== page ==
For me getting hacked was always something that could happen to other people, but not to me. I’m pretty computer savvy and, I thought, not very interesting for hackers. Of course I had hundreds of daily attacks on the ssh port of my server, even though on the outside ssh isn’t listening on port 22, but I have fail2ban running and locked down my root account access to rsa key only. I never saw any hacking attempt on my personal account on my server. I guess trying random usernames is one step too far for hackers and I am too unimportant to get the personal attention to try and guess my user account names.
So all was fine… I thought. Until I accidentally checked my virtual machines and noticed that one particular VM, my Connections demo environment, had an extremely high cpu load. On further inspection I noticed that it was a cron task of my db2inst1 user. At that moment it still didn’t click. I assumed something was wrong with my db2 database. As it was late and I was at my girlfriend, I went to bed with the idea to fix it the next day.
Next day I found a letter from my internet provider which was delivered the previous day, telling me that they received complaints of hacking attempts from my IP address. Still I didn’t see the link between this letter and the high cpu usage I had noticed the night before. Only when someone pointed out to me that it wasn’t db2 itself, but the “cron” process running under the db2 user that was the culprit, the quarter finally dropped (as we would say in Dutch). I quickly logged in to the machine and found in my crontab 5 lines which I hadn’t put there:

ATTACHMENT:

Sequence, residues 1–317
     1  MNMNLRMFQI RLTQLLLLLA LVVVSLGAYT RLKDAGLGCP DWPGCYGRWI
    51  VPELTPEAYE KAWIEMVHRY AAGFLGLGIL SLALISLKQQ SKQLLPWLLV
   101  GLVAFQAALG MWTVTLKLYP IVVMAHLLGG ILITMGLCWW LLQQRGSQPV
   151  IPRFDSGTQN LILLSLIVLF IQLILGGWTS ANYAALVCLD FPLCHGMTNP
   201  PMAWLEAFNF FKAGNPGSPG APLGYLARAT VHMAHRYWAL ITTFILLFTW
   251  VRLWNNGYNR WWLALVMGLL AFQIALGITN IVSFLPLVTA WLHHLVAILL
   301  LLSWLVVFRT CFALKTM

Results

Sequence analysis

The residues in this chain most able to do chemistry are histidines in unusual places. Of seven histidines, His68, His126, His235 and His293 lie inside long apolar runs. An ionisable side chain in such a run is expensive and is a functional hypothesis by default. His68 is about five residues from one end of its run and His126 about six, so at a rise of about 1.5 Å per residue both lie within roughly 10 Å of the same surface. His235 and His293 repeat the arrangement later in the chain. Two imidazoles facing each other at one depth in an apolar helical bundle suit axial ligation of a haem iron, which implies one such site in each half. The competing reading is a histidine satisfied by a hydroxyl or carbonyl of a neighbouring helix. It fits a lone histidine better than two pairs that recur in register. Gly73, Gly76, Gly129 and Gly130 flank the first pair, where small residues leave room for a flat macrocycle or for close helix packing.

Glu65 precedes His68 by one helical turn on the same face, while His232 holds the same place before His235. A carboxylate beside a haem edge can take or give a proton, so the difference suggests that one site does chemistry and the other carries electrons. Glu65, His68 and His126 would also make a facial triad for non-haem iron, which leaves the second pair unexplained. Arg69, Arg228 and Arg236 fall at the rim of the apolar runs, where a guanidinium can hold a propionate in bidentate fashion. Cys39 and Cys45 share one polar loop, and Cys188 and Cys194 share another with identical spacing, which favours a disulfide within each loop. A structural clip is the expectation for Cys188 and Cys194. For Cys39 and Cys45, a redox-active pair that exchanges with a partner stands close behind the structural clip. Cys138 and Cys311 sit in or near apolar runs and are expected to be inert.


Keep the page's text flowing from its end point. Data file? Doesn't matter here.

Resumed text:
0 0 */3 * * /home/db2inst1/.bashtemp/a/upd>/dev/null 2>&1 @reboot /home/db2inst1/.bashtemp/a/upd>/dev/null 2>&1 5 8 * * 0 /home/db2inst1/.bashtemp/b/sync>/dev/null 2>&1 @reboot /home/db2inst1/.bashtemp/b/sync>/dev/null 2>&1 0 0 */3 * * /tmp/.X19-unix/.rsync/c/aptitude>/dev/null 2>&1
That also explains why a reboot the night before hadn’t helped. On reboot, the process would immediately be triggered again. Being my curious self, I quickly killed the process and then went on to investigate what the scripts exactly did. The script would try to stop any nginx webserver it could find and a couple of other processes like ecryptfs, rsync, sync, perl, pool and xmr. Next it would run a script where the payload was base64 encoded and piped into perl. The same script would also add the public rsa key of the hacker in the ~/.ssh/authorized_keys file, so the hacker would still have access after a password change. The base64 encoded string would decode to another encoded string which perl would decode and evaluate. By swapping the eval command for a print command I could get to the actual script.